We’ve all walked in the pristine wilderness and suddenly seen that someone threw their beer or soft drink beer cans on the ground. 

Of course, one should never litter. If you packed it in, pack it out.

But an aluminum can is one of those multipurpose objects that can literally save lives.

With a bit of skill you can use a can to make a fire, purify water, cook, signal aircraft and do a few other things. That’s makes the discarded aluminum can a “multi-purpose tool.”



I was a bit skeptical when I first heard about making a fire using the bottom of an aluminum beer or soda can, but it actually works. The very bottom of an aluminum can is not a true parabolic dish, but when highly polished, it can be used to focus the sun’s rays to a point and ignite tinder.

To do this, you need to bring the bottom of the can to a high polish, typically using fine steel wool. You then point the bottom of the can towards the sun, and hold some tinder in the focal point. This takes patience, but you can do it.



One of the most important skills in the back-country is the ability to purify water. Just fill the aluminum can with your suspect water, and boil it over a fire. Boiling will kill any of the biological contaminants that might make you sick. If the water has stuff in it, then pour the water through a cloth first.



If for some reason you can’t get a fire going, you can use that aluminum can for a makeshift water filter. You will punch little holes into the bottom of the can, and you will cut off the top of the can.  A variety of filter materials have been tested, such as packing the can with clean socks. 

In experiments done in Great Britain in 1980, Stefan Kallman cut off the top of the can, punched holes in the bottom and added in sphagnum moss. Then he filled the bulk of the can with a blend of charcoal, peat, and more sphagnum.  He added a thin layer of small pebbles to the top.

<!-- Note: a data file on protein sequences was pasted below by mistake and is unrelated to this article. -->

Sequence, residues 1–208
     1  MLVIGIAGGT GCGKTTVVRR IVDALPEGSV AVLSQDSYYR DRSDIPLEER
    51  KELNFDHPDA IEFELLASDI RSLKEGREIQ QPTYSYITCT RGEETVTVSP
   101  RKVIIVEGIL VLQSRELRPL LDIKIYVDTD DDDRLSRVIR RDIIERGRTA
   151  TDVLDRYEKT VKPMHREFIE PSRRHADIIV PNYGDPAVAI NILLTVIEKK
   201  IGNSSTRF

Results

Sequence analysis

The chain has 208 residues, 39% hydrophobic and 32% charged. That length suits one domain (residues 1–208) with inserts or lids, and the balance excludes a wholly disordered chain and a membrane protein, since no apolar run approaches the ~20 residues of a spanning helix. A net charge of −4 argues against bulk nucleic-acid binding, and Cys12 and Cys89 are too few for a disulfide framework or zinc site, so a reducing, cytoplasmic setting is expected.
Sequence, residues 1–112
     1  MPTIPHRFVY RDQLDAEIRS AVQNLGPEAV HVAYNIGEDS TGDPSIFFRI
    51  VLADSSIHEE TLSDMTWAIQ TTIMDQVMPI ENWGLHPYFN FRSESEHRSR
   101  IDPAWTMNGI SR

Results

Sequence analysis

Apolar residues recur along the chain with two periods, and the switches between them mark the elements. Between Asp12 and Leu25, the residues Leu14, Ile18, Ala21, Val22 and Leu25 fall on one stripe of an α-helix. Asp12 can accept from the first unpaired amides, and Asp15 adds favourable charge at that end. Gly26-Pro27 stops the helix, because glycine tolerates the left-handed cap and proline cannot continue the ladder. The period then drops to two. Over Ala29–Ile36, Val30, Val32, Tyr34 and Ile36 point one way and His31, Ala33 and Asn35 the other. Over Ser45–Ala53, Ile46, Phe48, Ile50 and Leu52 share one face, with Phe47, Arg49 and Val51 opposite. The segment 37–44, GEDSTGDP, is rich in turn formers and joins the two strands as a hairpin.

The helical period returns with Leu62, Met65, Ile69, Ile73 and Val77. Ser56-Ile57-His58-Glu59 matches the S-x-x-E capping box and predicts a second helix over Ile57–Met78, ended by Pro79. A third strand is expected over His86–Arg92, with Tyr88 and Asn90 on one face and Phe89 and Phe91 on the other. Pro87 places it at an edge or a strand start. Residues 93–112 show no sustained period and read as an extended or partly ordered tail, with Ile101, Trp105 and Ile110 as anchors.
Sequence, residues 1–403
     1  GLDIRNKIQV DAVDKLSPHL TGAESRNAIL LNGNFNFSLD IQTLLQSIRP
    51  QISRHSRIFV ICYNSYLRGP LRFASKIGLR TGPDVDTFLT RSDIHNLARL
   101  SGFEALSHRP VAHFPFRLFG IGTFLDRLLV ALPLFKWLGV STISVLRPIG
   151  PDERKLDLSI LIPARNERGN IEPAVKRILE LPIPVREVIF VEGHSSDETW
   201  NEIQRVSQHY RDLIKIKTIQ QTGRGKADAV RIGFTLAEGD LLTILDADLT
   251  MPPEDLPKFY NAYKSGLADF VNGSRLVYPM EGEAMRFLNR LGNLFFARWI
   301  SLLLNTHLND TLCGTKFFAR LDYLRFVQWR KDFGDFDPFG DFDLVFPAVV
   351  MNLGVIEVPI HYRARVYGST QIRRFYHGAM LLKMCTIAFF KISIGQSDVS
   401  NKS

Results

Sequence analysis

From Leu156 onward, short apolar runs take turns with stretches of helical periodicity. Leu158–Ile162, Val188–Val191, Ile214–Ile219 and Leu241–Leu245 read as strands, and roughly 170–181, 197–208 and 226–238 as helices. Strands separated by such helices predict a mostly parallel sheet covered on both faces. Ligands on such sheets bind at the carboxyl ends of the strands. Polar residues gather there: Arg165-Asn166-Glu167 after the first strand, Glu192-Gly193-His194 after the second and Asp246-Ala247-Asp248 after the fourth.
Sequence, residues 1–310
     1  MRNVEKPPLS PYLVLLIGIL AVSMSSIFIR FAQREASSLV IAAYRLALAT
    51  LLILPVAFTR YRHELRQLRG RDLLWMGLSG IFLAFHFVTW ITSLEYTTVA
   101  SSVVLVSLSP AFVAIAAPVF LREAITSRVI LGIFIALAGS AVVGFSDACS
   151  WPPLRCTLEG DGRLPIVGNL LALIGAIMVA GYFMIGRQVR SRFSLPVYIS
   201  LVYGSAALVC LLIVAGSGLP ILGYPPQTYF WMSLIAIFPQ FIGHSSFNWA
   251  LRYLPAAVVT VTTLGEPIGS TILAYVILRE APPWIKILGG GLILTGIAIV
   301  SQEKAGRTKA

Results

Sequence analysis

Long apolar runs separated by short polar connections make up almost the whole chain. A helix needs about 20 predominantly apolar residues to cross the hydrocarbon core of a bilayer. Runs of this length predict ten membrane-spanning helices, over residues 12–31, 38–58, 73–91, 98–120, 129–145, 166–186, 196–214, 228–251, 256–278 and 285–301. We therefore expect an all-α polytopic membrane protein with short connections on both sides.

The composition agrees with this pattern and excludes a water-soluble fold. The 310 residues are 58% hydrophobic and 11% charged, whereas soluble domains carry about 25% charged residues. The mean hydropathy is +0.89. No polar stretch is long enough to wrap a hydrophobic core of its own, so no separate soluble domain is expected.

Other filters could be clean sand, mixed with a bit of charcoal, or the clean socks or other fabric that can be packed into the can.



You can also take the top off the can and use it as a small coffee pot or soup pot.  Just punch two holes in the rim at the top so you can add a wire and suspend it over the fire. 



I have seen several versions of candle lanterns using a beer can, but the easiest is to simply cut two “doors” into the can, and set the candle into the can securely with a bit of hot wax.  You then use the tab on the top to hang the lantern wherever you want it. The doors can be adjusted so that the light reflects where you want it, and to help protect the candle from the wind.



Cut a circle or a square from the can. Aluminum is soft and you can do this with the scissors on your Swiss army knife, or with any knife. If you’ve ever used a regular signaling mirror, you know that it helps to have a little hole in the middle of the mirror to sight through. Cut a small hole in a rectangle of the aluminum through which you will attempt to observe your intended target.  If the sun is in the ideal spot in the sky, and if the person flying overhead happens to be looking your way perhaps someone will notice your signal mirror and respond appropriately.



You don’t need a pencil, just find a thin stick to carve your letters into the aluminum. Then hang it in a prominent place for others to see whatever you need to communicate. The piece of aluminum will be shiny and will be more obvious than a paper note which might get blown away or rained on. 

Christopher Nyerges has written “How to Survive Anywhere” and other books. He leads wilderness walks to teach about the uses of plants and survival skills. He can be reached at SchoolofSelf-Reliance.com.